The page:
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There are segments of the news lifecycle that can be monetized... segments where value is added. Feature stories, analysis and/or commentary are a couple that come to mind. but the idea that anyone can lock down all the news is crazy. You only need one renegade that will publish it for free then the value is gone. Maybe this is exactly what the "newspaper" industry needs to finally cause the collapse and let us move on to whatever comes next. @jtrigsby
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I make the analogy that its like the retail store being angry with the cab driver because the customers he brings to the store don't buy anything. Who's fault is that... the cabbie, or the store?
Toggle Commented Dec 2, 2009 on This Will Only Hasten The Fall at /Message
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Very interesting Stowe! You are absolutely right on that much of what we have been trained to blindly accept as "the way business is done" is fallout from the industrial revolution. Its just always been that way... but maybe not much longer. Reading this post gave rise to two questions, or maybe a question and a comment, as I was reading. First, if we could design business today without the preconceived limitations of how you do it "the right way," how would it look? Would we even have office buildings? Would cities with historical prowess in given areas (eg New York for finance) retain that position? Second, this change is definitely coming along with the generational change in business leadership. Our youngest workers today, the 20 somethings fresh out of college and ready to tackle the world, don't understand a world without text messaging, email on your phone, even 24 hour availability by phone. To try to work without them is foreign and painful to them. As they rise in the ranks... or maybe better yet, start new ranks... their influence will accelerate the shift away from the industrial age organization toward this networked organization. Us old fogies just need to hand on! Another awesome topic, thanks so much for sharing! jtrigsby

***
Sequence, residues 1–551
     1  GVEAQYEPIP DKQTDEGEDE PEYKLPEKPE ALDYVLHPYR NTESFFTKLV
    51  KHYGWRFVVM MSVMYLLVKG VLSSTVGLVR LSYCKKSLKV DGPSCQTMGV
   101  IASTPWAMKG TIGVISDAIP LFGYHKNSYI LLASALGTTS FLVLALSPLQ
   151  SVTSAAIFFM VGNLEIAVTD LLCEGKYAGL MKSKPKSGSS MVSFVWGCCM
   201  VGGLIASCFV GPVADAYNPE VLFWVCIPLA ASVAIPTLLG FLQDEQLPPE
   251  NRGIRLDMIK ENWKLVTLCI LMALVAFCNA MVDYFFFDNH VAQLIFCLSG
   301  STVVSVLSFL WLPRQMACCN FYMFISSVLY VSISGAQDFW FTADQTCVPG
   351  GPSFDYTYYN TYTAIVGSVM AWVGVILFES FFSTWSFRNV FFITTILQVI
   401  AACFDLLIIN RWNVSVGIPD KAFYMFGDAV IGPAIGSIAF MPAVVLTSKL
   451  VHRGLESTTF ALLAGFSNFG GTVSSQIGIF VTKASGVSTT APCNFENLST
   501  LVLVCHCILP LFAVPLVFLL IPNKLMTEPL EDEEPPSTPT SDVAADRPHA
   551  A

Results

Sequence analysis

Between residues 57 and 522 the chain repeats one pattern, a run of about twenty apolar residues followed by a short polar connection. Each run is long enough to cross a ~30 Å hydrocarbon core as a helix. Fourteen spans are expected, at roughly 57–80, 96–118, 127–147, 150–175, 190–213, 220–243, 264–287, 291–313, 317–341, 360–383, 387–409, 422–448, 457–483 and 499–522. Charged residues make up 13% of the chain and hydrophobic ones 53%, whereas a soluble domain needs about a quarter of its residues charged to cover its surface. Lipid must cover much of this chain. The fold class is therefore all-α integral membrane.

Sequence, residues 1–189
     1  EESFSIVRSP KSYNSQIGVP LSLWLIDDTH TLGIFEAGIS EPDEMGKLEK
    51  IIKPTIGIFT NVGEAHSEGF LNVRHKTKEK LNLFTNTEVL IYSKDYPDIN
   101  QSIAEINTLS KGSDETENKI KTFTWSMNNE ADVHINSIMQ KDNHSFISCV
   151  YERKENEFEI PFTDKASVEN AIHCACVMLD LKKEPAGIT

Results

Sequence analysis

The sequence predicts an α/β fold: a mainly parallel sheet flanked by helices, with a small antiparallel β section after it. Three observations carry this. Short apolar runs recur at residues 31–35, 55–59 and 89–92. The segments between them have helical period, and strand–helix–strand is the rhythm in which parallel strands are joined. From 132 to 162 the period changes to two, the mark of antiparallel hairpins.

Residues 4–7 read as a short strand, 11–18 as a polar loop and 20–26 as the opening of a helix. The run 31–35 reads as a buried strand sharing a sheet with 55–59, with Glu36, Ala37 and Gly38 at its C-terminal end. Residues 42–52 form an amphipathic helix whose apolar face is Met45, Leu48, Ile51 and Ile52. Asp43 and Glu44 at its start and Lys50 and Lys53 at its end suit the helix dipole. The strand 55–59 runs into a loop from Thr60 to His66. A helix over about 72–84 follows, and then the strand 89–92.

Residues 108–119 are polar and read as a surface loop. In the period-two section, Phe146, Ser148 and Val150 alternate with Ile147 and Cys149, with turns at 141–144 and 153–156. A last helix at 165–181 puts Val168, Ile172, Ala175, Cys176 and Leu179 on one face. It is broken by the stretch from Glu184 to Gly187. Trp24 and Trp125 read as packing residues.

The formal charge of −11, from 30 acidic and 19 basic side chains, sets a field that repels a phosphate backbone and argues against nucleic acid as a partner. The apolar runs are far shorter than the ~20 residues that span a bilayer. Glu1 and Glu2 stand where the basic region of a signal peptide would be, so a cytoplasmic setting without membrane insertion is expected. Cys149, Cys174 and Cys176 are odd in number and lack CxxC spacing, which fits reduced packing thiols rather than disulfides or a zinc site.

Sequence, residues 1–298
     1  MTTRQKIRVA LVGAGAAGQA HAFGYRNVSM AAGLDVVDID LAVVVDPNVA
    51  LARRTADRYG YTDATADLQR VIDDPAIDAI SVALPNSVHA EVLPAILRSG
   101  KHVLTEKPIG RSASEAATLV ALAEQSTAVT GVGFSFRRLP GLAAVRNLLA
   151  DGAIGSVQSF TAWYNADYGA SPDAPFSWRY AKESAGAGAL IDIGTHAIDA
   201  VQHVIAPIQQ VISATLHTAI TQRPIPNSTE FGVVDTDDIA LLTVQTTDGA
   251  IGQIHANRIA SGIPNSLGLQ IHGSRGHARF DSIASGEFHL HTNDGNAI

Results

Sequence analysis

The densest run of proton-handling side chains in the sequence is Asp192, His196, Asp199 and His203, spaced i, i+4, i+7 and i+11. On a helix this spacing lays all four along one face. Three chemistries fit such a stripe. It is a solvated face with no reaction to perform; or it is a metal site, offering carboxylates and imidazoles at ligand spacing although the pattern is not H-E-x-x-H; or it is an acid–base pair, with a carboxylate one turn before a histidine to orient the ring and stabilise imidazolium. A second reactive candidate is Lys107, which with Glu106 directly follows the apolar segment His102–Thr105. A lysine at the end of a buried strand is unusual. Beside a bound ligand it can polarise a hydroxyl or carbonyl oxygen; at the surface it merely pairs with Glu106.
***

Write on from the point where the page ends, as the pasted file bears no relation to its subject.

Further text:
Toggle Commented Nov 17, 2009 on The Rise Of Networks, The End Of Process at /Message
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I kind of agree with you both (you and Seth). There is a finite limit to the number of genuine relationships a person can engage in. For most, I'd say 150 genuine relationships where you know and are known... is a lot. Doable, but a lot. In that sense I agree with Seth's application of Dunbar. However, Dunbar was conceived in a time without the means of connectivity we enjoy today. Geography now has very little to do with our friendships and let's face it, it costs less now than ever before to stay in touch with anyone, anywhere in the world. That being the case, why don't we? Well, I believe that brings us back around to Dunbar. Sure, we CAN stay in touch with even thousands of people, but are all those people our friends? Probably not. Maybe its just semantics but lets suppose that this whole Dunbar argument is just a matter of vocabulary. Are they friends, acquaintances, or relationships? I suggest that the 150ish number applies to genuine relationships, where both parties are engaged and derive mutual benefit from the interactions. Using that definition, can you agree w/Dunbar & Godin? Just my two cents worth. Thanks for a GREAT post! Just discovered your blog and still trying to read it all! @jtrigsby
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